- Austin Daze

"Noise's Handy Holiday Local-Music Gift Guide"

Noise's Handy Holiday Local-Music Gift Guide
Continued from page 1
Published on November 25, 2008 at 11:21am
Katie Armiger, Believe: Winner of 93Q's "Best Country Singer in Houston" a couple years back, Sugar Land native Armiger, 17, immediately stands out from Nashville's current ingenue crop of Carrie, Taylor, Kellie, etc.: She's brunette. Believe doesn't quite do the same, particularly on its Martina McBride-like ballads, but Armiger shows real sass on "Jealousy" and "Break Yours First."

holiday music gifts, Houston local musicMitch Jacobs, Jukebox Music: Mitch Jacobs's hard-bitten Americana contains none of the British trappings of his producer and label boss Freddy "Steady" Krc (see above). However, Dwight Yoakam, Joe Ely (the Spanish-tinged "Pretty Is") and Roy Orbison (a cover of "Sweet Dream Baby") are all present as Jacobs sometimes struggles to transcend his pedestrian beer-joint surroundings. However, he does strike country-jukebox gold with "For a While" and "Lady on the ­Barstool."

Runaway Sun, Runaway Sun EP: Fronted by singer-songwriter Andrew Carnavas, Runaway Sun answers the question "What if Pearl Jam unplugged and doubled the amount of blues in its music?" True, the world may not have been waiting with bated breath for that answer, but Carnavas's knack for female characterization ("Lily") makes this four-song EP a promising, if workmanlike, debut.
- Chris Gray - Houston Press

"Mitch Jacobs Jukebox Music"

Mitch Jacobs
Steady60y S6'002S
*** The sound of country with a
quaff and big collars
Country music like it should be.
Somewhere between western swing
and rock'n'roll. And from Texas. Jacobs sounds like Johnny Cash,dark and
dangerous, fronting what could be a slimmed down version of the Texas Playboys, with the ghost of Vegas-era Elvis watching over things,
Jacobs is no new kid on the block,having fronted Houston's Romeo Dogs for the best part of a decade, but this is his first solo album. And given that he's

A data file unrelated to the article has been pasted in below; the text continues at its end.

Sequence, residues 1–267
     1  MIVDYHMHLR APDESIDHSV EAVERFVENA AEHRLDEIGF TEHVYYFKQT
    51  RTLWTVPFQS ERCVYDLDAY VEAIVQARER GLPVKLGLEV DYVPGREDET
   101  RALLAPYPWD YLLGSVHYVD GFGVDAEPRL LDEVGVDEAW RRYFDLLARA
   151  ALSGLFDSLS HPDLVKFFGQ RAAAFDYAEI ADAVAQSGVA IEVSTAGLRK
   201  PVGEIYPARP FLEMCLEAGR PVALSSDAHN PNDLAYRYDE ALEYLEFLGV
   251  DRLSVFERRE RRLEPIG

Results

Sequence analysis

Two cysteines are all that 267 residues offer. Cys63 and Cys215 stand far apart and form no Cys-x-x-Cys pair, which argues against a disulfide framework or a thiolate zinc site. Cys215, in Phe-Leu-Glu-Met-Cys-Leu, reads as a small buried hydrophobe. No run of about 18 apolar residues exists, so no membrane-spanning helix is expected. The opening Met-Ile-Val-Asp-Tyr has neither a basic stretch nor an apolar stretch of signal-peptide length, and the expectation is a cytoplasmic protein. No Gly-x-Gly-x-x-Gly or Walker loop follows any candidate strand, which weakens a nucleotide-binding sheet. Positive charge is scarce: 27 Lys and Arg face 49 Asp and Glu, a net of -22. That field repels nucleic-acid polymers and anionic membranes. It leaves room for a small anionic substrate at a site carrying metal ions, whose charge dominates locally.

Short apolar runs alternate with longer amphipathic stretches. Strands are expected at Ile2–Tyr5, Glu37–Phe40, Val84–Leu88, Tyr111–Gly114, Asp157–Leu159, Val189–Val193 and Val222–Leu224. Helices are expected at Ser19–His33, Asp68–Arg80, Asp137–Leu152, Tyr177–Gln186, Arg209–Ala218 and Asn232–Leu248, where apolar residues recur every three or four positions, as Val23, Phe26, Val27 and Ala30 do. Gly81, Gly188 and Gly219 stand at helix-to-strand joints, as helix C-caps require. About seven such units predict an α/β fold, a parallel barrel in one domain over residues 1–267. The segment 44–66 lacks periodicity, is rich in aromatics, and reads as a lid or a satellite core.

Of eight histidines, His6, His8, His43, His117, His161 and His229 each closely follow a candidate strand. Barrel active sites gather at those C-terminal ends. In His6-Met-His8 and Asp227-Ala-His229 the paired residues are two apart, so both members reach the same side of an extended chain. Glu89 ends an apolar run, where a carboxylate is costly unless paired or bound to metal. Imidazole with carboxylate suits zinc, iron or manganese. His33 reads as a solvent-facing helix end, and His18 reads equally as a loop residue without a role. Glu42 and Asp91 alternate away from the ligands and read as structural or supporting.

teamed up with Texan legend Freddie Steady Krc, you know it's going to be good. Jacobs croons, growls and yelps
though a string of his own rat songs
Jukebox Fool, Outside Dog, Pettin' Party
which conjure up the flavour of the 19S0s and early 1960s,There are also a few well chosen covers, not least the
Orbison hit Dream Baby (and there's more than a small similarity in vocal style) and Krc's For A While.
Jacobs plays guitar but Krc has also
drafted in his own sidekick, Cam King,
for the lead guitar work, as well as a
Texan all-star line-up.,. steel master
Lloyd Maines, pianist Floyd Domino,
Asleep At The Wheel fiddler Howard
Kalish and Ted Roddy on harmonica.
Krc himself plays drums. The result is
a record that's not a world away from
the Blasters, dirty and divine in equal measure. ND - Maverick Magazine UK

"The McTwang Times"

What legendary country performer Wes McGhee says about Mitch Jacobs:
"I got my first chance to check out new Steadyboy Records signing Mitch Jacobs and his band. Now there are singers who can put over a song and there are those blessed with incredible voices, very few have both. Mitch has both AND then some... As he and his band were on all but a handful of dates with us, I got to hear a lot of Mitch Jacobs’ music. Check out his CD on Steadyboy Records “Jukebox Music” produced by Freddie Krc - a fine record."
- Wes McGhee

"Mitch Jacobs: Houston Honky-Tonk"

SXSWEvery March, Austin hosts one of the nation's most noteworthy musical festivals.
Mitch Jacobs: Houston Honky-Tonk
By Jim Beal Jr. on Mar 20, 2009 4:22 PM

(Jim Beal Jr.,
Houston-based Mitch Jacobs Band offers Bayou City honky-tonk to the Opal Divine's Penn Field crowd. And where that ghost orb in the big middle of the band came from is anyone's guess.